• Human-beings (1899)
  • Lifelines, volumes I-III (1903–06)
  • Neutrality of the Souls (1916).

On education, her earliest article may be Teachers for Infants at Home and in School in Tidskrift för hemmet (1876). Her first more widely read essay, Books versus Coursebooks, was published in the journal Verdandi (1884). Later, in the same journal, she published other articles A Statement on Co-Education (1888) and Murdering the Soul in Schools (1891). Later she published the works Education (1897) and Beauty for All (1899).

In 1906 came Popular Education with Special Consideration for the Development of Aesthetic Sense. In the last books Key views aesthetics, as beauty and art, from the aspect of the elevation of humanity.[10]

Several of Key's writings were translated into English by Mamah Borthwick, during the period of her affair with Frank Lloyd Wright.[11] Among her best-known works published in English:

  • The Morality of Woman (1911)
  • Love and Marriage (1911, repr. with critical and biographical notes by Havelock Ellis, 1931)
  • The Century of the Child (1909)
  • The Woman Movement (1912)
  • The Younger Generation (1914)
  • War, Peace, and the Future (1916).[12]


She has inspired writers such as Selma Lagerlöf, Marika Stjernstedt, Waka Yamada and Elin Wägner. Maria Montessori wrote that she predicted the 20th century would be the century of the child.[13]

Havelock Ellis wrote positively on her studies of human sexuality.

Key maintained that motherhood is so crucial to society that the government, rather than their husbands, should support mothers and their children. These ideas regarding state child support influenced social legislation in several countries.[12]

A substantial collection of Key's papers is at the Royal Library in Stockholm.[3]

In the 1890s, Key commissioned the Strand house designed by architect Yngve Rasmussen.[14] In the 1890s, it was "a centre for the politically radical intellectual and artistic avant-garde of Stockholm".[15] Key's house has become a foundation and tourist spot.[16]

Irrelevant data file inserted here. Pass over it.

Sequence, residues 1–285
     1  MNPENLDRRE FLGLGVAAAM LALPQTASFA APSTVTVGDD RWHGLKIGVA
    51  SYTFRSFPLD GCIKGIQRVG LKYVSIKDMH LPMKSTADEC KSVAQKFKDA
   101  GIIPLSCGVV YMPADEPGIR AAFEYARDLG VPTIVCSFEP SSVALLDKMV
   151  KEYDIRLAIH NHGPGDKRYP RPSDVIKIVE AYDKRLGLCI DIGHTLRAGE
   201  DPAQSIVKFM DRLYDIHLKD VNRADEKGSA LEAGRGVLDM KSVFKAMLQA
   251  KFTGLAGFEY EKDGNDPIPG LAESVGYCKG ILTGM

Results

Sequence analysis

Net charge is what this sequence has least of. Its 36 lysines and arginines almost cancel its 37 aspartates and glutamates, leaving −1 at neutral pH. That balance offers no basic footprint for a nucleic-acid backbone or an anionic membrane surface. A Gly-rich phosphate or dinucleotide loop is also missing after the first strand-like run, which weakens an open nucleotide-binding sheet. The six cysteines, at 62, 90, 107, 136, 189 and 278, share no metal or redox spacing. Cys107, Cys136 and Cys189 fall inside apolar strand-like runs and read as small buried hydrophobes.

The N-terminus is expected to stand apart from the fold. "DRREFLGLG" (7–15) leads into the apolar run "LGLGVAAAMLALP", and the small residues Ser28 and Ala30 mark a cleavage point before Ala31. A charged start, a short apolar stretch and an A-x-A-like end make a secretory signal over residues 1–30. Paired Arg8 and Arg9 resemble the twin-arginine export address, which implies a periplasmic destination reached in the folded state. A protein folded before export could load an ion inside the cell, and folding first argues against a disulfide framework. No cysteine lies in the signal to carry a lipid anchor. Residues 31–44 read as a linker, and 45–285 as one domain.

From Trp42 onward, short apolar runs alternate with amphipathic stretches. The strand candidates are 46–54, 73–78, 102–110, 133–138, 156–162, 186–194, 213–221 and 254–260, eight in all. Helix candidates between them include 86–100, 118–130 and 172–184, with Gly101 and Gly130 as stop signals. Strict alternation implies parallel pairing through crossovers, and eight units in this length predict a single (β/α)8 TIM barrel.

1. ^ Barnets århundrade at Project Runeberg
  2. ^ Ellen Key – Britannica Online Encyclopedia
  3. ^ a b c d e f g h i j k l m n Wilkinson, Lynn R. (2002). Twentieth-Century Swedish Writers Before World War II. Farmington Hills, Michigan: Gale. ISBN 978-0-7876-5261-6.
  4. ^ Ambjörnsson, Ronny, Ellen Key: en europeisk intellektuell, Bonnier, Stockholm, 2012
  5. ^ "Idunesen – vem var hon?" (in Swedish). 2014-02-09. Retrieved 2022-03-18.
  6. ^ "Ellen Karolina Sofia Key". Svenskt kvinnobiografiskt lexikon. Retrieved 2022-04-18.
  7. ^ Linder, Gurli. ""Mottagningar" och "salonger"". Stockholmskällan (in Swedish). Retrieved 2022-03-21.
  8. ^ The Cambridge Chronicle, Cambridge, Massachusetts, October 19, 1912, p. 20
  9. ^ "The woman movement". New York Putnam. 1912.
  10. ^ From Prospects: the quarterly review of comparative education. (Copyright UNESCO: International Bureau of Education 2000)
  11. ^ Borthwick, Mamah; Friedman, Alice T. (June 2002). "Frank Lloyd Wright and Feminism: Mamah Borthwick's Letters to Ellen Key". Journal of the Society of Architectural Historians. 61 (2): 140–151. doi:10.2307/991836. JSTOR 991836.
  12. ^ a b The Columbia Encyclopedia, Sixth Edition. Copyright 2001-05 Columbia University Press.
  13. ^ Montessori, Maria (1972). The Secret of Childhood, New York, Ballantine Books.
  14. ^ Johamesson, Lena (January 1995). "Ellen Key, Mamah Bouton Borthwick and Frank Lloyd Wright. Notes on the historiography of non‐existing history". NORA - Nordic Journal of Feminist and Gender Research. 3 (2): 126–136. doi:10.1080/08038740.1995.9959681.
  15. ^ Johamesson, Lena (January 1995). "Ellen Key, Mamah Bouton Borthwick and Frank Lloyd Wright. Notes on the historiography of non‐existing history". NORA - Nordic Journal of Feminist and Gender Research. 3 (2): 126–136. doi:10.1080/08038740.1995.9959681.
  16. ^ "Ellen Key's Strand". Archived from the original on 29 May 2015. Retrieved 28 May 2015.

Further reading[edit]